Tucker, Christine (2010). Parental expectations and the timing of childbearing among Latino adolescents. 2010 Add Health Users Conference.
Few studies have examined parenting practices in Latino families and how they relate to pregnancy prevention. Using Add Health data, we examine whether parental expectations influence adolescent pregnancy for Latinos (n=2,665) in comparison to non-Latino Whites (n=8,926) and African Americans (n=3,363). Guided by status attainment theory, we use survival analysis to test our hypothesis that high parental college expectations are associated with a lower likelihood of teenage pregnancy and lead to childbearing later in the life cycle. We use data on male and female respondents’ first pregnancy collected in the Wave IV pregnancy history. Data on parental expectations for their children’s schooling and selected covariates were collected at Wave I. To examine the contribution of parental expectations when other parenting strategies are employed, we evaluate interactions between other strategies and parental expectations. Additionally we examine how findings are modified by individual, family, and community contexts including gender, age, race/ethnicity, adolescent ability, parents’ highest educational attainment, family structure, and parental nativity, percent poverty, rural, urban or suburban, and racial composition.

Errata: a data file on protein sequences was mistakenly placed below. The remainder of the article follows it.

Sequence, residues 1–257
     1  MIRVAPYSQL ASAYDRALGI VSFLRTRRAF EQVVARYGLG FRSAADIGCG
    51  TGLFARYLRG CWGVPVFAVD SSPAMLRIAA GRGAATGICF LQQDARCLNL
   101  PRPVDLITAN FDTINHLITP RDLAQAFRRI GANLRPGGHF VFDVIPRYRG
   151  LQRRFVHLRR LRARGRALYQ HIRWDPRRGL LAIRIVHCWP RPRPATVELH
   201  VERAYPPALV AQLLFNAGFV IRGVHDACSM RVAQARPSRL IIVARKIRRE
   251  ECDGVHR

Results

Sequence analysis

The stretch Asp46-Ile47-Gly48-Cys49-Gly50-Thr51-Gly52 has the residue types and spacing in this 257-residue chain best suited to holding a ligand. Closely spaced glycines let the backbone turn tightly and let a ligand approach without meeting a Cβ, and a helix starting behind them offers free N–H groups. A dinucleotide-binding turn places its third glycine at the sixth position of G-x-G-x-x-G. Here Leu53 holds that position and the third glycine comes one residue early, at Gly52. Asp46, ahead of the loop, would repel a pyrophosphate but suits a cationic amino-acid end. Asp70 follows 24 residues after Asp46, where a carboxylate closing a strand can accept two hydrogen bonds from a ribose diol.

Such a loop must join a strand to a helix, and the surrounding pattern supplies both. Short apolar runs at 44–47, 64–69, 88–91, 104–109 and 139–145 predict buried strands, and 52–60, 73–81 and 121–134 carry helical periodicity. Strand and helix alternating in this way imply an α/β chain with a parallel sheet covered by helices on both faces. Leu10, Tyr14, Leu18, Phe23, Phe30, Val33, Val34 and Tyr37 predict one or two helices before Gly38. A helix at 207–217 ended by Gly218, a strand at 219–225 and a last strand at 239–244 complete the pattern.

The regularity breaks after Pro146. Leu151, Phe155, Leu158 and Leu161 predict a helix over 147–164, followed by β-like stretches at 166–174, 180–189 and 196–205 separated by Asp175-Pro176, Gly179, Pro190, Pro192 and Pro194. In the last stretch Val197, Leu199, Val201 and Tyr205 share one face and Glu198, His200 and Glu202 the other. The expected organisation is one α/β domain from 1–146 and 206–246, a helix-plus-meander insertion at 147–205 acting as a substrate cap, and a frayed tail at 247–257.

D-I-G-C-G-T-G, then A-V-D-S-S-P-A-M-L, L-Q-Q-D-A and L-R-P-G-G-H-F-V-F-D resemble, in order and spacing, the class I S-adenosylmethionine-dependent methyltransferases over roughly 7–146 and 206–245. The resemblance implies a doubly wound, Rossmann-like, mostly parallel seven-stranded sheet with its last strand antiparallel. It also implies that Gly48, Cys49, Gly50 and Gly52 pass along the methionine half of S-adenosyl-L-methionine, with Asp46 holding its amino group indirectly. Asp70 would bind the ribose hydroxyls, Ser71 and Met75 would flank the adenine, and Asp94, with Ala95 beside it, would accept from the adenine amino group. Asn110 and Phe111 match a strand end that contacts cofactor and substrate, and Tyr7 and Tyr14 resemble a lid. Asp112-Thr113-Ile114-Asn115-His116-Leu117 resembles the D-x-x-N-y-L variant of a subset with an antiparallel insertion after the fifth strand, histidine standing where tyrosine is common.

2010 Add Health Users Conference
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